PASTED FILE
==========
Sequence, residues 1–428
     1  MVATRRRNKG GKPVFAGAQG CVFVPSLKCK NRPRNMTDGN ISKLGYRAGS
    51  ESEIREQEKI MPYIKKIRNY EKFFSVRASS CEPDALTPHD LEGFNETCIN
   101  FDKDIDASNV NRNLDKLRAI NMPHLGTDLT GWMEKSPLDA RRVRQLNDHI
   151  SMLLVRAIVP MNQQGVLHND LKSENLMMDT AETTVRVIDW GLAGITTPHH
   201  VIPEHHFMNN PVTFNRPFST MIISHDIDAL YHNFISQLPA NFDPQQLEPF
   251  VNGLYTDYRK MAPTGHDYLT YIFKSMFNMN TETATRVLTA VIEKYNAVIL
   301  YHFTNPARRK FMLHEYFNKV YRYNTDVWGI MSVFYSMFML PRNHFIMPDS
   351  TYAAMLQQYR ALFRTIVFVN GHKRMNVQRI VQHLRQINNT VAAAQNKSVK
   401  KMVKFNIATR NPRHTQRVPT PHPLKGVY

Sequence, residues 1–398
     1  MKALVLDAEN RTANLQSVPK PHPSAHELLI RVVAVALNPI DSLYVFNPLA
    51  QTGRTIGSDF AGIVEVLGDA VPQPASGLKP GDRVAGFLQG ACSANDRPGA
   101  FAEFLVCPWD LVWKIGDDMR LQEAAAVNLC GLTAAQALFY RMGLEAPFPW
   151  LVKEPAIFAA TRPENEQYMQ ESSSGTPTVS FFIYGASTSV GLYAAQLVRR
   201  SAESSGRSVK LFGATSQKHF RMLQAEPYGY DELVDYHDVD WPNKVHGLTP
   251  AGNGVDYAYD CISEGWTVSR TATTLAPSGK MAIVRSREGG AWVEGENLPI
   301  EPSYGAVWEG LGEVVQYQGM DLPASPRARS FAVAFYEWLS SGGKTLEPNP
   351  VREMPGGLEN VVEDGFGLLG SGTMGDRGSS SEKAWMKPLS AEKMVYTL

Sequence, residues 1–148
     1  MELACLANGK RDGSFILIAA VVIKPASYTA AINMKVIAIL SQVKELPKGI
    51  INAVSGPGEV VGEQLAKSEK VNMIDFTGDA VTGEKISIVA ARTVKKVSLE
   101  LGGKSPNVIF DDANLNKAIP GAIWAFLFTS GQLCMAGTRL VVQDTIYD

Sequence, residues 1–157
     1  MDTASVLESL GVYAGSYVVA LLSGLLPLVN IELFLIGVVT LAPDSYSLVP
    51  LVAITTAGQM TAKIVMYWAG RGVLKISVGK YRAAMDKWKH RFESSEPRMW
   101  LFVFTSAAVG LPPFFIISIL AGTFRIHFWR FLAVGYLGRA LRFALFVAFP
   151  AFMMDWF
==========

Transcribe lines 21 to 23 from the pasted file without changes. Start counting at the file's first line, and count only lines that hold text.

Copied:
     1  MELACLANGK RDGSFILIAA VVIKPASYTA AINMKVIAIL SQVKELPKGI
    51  INAVSGPGEV VGEQLAKSEK VNMIDFTGDA VTGEKISIVA ARTVKKVSLE
   101  LGGKSPNVIF DDANLNKAIP GAIWAFLFTS GQLCMAGTRL VVQDTIYD